Maria said...

Hey everyone,

I was reading about bedbugs and discovered that in large infestations, bedbugs give off a cilantro like odour.

Maybe the cilantro hating gene has to do with avoiding parasites?

I hate cilantro. I thought I was alone in my irrational dislike- thanks for the website!

http://bedbugger.com/2008/10/27/ill-take-what-do-bed-bugs-smell-like-for-500-please-alex/

MRG said...

I'm not sure why the blogger is so upset that folks who can't stand cilantro (like me) think it might be genetic. There are lots of other tastes I despise (like coffee - I know, call me crazy). But it is only with cilantro that I know of it having a completely different taste for some people than others. That's what has me wondering if it's genetic (or possibly an allergy, like another poster surmised). Because no one I know that likes cilantro will ever describe it's taste as "soap-like."

Anonymous said...

As a lover of fine cuisine, I am amused not by those whom hate cilantro, but by those that like it. I grew up when children were still spanked, and yes had their mouths washed out with soap, all types and even ajax. The same effect could have been achieved with cilantro, the smell and flavor are overpowering. The same reaction has come from several other people whom I know that also had their mouths washed out with soap, not by those who haven't tried it. I also ate dog food when I was 3, so I can comment on that also. Fact is, I think the people whom like cilantro, just like to say it, "Cilantro." Many cuisines around the world, are exotic, rare and just plain gross, foods of necessity, that is all they have. Anyone watched Anthony Bourdain? Perhaps someone once ran out of parsley and found a weed called cilantro.

Marty said...

I am also a cilantro hater, but to me it's not soapy but explosively strong and nasty on my tongue (not a soapy taste to me, but perhaps it's what others call soapy). Even a small fragment is discernible and explosive. My brother considers it strong but likes the taste and my sister can put - literally - tablespoons - of chopped cilantro on each bite of something and can hardly taste it. Both parents are dead so, short of a seance, are unavailable.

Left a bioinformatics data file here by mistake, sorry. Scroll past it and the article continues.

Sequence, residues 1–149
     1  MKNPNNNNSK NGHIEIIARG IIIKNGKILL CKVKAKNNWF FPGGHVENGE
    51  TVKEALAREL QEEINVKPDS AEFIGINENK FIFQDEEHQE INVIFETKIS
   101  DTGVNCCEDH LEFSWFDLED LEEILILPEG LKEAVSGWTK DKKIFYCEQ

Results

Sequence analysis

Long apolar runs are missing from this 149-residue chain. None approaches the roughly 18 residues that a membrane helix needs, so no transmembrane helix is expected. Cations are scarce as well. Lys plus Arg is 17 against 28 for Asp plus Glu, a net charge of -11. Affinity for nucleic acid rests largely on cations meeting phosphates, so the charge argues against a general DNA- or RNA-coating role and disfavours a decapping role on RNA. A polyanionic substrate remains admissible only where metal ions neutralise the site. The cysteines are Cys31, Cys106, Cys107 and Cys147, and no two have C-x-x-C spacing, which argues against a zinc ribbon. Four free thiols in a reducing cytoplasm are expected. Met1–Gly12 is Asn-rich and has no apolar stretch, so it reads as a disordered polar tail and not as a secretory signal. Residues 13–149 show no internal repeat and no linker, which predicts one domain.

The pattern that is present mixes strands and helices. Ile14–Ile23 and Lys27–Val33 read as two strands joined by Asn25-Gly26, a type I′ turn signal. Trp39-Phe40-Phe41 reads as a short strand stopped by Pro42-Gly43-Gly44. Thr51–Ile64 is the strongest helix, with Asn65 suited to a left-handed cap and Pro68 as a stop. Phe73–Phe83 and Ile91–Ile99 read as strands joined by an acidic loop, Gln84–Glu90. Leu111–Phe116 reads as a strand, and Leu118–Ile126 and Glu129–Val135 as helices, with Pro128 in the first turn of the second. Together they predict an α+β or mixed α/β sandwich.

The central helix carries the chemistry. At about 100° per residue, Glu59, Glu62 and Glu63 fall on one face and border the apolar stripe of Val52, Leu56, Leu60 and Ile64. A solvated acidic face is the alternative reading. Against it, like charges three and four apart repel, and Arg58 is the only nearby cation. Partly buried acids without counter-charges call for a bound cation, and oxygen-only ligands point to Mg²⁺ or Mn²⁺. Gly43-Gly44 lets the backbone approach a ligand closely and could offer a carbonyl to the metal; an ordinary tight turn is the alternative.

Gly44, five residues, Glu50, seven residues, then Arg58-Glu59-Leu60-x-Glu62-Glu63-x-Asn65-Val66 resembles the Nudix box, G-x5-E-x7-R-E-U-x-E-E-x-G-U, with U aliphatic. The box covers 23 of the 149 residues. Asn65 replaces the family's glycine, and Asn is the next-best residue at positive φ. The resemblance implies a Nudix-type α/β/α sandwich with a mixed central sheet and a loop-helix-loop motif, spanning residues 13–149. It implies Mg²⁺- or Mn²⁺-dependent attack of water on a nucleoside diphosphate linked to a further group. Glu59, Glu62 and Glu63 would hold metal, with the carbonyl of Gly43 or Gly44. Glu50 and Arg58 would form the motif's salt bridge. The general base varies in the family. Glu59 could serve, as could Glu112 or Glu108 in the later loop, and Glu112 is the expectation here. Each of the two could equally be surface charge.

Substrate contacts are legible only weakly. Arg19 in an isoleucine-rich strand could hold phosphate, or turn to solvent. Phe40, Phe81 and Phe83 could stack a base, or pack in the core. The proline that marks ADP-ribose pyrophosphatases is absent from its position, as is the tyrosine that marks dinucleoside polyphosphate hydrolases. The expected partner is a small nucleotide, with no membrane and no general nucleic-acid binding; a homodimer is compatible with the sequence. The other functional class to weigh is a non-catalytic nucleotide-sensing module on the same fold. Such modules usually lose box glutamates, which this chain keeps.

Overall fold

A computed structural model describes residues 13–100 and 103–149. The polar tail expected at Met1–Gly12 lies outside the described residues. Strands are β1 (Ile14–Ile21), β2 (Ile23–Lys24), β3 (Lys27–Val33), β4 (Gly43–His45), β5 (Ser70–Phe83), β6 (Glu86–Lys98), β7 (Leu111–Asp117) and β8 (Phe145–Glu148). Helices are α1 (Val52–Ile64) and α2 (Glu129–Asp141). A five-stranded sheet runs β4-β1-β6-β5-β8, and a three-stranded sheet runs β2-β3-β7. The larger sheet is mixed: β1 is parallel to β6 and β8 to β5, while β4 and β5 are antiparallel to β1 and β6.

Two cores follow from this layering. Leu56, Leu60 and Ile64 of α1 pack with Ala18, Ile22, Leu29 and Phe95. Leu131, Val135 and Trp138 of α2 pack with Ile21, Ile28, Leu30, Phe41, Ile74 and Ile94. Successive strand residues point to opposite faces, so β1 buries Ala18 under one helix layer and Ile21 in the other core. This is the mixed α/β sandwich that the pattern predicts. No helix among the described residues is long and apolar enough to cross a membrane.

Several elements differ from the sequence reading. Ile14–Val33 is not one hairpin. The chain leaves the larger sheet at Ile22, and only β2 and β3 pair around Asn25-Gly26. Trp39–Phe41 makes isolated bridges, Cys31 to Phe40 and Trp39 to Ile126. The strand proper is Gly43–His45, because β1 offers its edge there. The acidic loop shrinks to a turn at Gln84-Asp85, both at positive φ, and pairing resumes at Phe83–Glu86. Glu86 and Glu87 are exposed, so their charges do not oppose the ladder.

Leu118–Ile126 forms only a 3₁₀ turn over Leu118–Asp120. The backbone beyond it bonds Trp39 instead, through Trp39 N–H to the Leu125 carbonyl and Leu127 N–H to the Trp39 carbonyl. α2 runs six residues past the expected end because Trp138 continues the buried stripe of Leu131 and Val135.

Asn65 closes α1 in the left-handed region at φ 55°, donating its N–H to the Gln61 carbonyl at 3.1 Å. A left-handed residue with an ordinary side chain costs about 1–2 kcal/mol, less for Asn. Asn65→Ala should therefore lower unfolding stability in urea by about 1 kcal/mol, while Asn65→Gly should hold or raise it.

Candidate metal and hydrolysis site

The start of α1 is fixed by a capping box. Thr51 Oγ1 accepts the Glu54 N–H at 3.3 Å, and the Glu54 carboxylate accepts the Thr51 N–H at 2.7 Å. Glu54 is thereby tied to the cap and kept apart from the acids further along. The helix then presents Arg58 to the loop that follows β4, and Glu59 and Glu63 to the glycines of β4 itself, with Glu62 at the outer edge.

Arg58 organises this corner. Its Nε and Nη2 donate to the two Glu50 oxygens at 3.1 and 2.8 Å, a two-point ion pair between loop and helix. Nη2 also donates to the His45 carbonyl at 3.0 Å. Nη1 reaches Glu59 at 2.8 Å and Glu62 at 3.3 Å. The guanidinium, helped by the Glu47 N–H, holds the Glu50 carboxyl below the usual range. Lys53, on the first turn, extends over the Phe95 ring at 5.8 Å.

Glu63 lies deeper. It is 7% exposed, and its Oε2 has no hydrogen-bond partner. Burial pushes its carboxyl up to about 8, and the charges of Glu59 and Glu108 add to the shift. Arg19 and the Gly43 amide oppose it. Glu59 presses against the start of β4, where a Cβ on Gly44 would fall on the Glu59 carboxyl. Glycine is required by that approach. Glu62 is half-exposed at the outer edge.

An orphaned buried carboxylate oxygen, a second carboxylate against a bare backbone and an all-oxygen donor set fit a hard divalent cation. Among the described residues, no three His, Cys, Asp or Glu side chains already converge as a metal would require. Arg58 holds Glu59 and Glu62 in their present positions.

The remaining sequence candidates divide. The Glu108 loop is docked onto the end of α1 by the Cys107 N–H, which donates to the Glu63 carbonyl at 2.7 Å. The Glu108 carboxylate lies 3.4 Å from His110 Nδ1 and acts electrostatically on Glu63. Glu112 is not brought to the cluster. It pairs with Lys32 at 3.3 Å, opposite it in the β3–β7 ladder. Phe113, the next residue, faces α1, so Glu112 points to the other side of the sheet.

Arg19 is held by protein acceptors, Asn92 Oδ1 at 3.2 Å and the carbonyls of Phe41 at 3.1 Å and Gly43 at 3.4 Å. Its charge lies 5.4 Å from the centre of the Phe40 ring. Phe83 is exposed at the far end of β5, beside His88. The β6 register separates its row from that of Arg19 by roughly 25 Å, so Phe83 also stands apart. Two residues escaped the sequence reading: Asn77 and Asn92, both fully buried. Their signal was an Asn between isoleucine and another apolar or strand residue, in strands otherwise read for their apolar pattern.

Anonymous said...

I used to think cilantro tasted like soap and hated it, now it doesn't taste soapy to me anymore and I quite like it and use it liberally in some recipes. Sort of the reverse of the poster who stopped liking cilantro at age 30. Also, I was watching a cooking show on tv recently, now I wish I had paid more attention to which show and the exact quote but, the tv chef said something to the effect that it depends on how or where the cilantro is grown - some has that soapy taste, some does not.

Anonymous said...

Uh, no evidence does not mean it doesn't exist. And we do know some taste is quite genetic. which means there's cicumstancial evidence the gene exists. Especially when people's reactions are so disparate with the taste described so differently. So, it's to TBD. It's like gene themselves were just myths until they were actually proven.

Katrina said...

I'm very interested in this because a friend of mine recently told me that she and her dad despise cilantro because it tastes like soap. I thought, "I can't even remember what cilantro tastes like, and I've eaten lots of food with cilantro in it." So the next time I went to the grocery store I sneaked a leaf from the fresh stuff and popped it into my mouth.

I was immediately overwhelmed by the impulse to gag, and by an indescribably revolting old-soap taste in my mouth. I spit out the leaf and realised that the taste wasn't going away. I had to finish my shopping with that horrible lingering taste, and it didn't go away until I got home and washed my mouth out with Scope.

I had no idea that a simple herb could taste so awful. I called my friend and said that cilantro was probably the reason I didn't like certain foods and she said, "Of course it's the reason. Welcome to the club." So, I guess, I officially became aware of cilantro tasting like soap, only at the grand old age of thirty-nine. :)

Anonymous said...

I don't think it's an issue of there being a problem with not liking a food so much as an attempt to explain the fact that cilantro seems to taste completely different to different people. Not different opinions on the same flavor, more like they are not even eating the same thing.

Umang said...

Without being offensive, Erin H. seems to me to be ignorant of science and scientific principles. Taste of anything is biologic in origin. Perhaps this will help the non-bio geeks with their understanding:
http://www.nytimes.com/2010/04/12/science/12psychedelics.html?ref=science